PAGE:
Part I. General Foundations Introduction to Philosophy of Complex Systems. (Cliff Hooker), Systems and Process Metaphysics (Mark H. Bickhard), Computing and Complexity: Networks, Nature and Virtual Worlds (David G. Green and Tania Leishman), Evolutionary Games and the Modelling of Complex Systems (William Harms) General System Theory (Wolfgang Hofkirchner and Matthias Schafranek),
Ilachinski, Andrew. Cellular Automata. Singapore: World Scientific, 2001. A treatise on the computer based physics and mathematics of nonlinear systems. By this approach, a discrete, information-rich universe is revealed in a process of organizing and discovering itself by way of the same generative dynamics everywhere. Theoretical support is then achieved for a radically creative, increasingly personified reality. Ilachinski, a Russian-American systems scientist, comes to a quite different reading by way of these theories than does Stephen Wolfram.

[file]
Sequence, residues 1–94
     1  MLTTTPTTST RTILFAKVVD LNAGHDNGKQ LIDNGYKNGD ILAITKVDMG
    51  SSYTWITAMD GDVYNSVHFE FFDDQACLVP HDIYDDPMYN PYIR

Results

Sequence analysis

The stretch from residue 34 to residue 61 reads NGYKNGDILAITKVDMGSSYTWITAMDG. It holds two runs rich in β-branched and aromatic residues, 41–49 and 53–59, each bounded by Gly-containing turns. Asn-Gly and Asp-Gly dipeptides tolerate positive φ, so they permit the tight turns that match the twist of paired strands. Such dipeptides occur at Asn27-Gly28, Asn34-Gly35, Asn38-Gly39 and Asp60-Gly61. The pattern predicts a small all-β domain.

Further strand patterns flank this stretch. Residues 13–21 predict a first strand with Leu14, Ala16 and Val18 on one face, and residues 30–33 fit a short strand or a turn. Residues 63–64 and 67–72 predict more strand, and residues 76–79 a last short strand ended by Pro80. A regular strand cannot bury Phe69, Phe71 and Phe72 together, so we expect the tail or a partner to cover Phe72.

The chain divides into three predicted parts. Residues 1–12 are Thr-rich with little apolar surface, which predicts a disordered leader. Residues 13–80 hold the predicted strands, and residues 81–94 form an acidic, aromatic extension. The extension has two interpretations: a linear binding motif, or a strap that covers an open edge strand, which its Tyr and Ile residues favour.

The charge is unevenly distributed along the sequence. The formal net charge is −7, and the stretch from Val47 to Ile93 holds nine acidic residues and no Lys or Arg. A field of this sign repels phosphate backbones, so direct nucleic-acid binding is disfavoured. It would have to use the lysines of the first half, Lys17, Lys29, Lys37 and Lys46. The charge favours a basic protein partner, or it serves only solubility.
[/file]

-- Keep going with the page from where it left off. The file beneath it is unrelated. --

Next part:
Cellular automata (CA) are fundamentally the simplest mathematical representations of a much broader class of complex systems (where, for the moment, ‘complex system’ means any dynamical system that consists of more than a few - typically nonlinearly - interacting parts). As such, CA have proven to be extremely useful idealization of the dynamical behavior of many real complex systems…. (1)
Jasny, Barbara, et al. Connections. Science. 325/405, 2009. An introduction to a special update section on the state of “Complex Systems and Networks” theory. Papers include a review of “socioeconomic physics,” nature’s “tangled bank” mathematically revealed, technological dynamics, and a 10 year retrospective by Albert-Laszlo Barabisi how scale-free networks are now being found everywhere.
For decades, we tacitly assumed that the components of such complex systems as the cell, the society, or the internet are randomly wired together. In the past decade, an avalanche of research has shown that many real networks, independent of their age, function, and scope, converge to similar architectures, a universality that allowed researchers from different disciplines to embrace network theory as a common paradigm. (Barabasi, 412)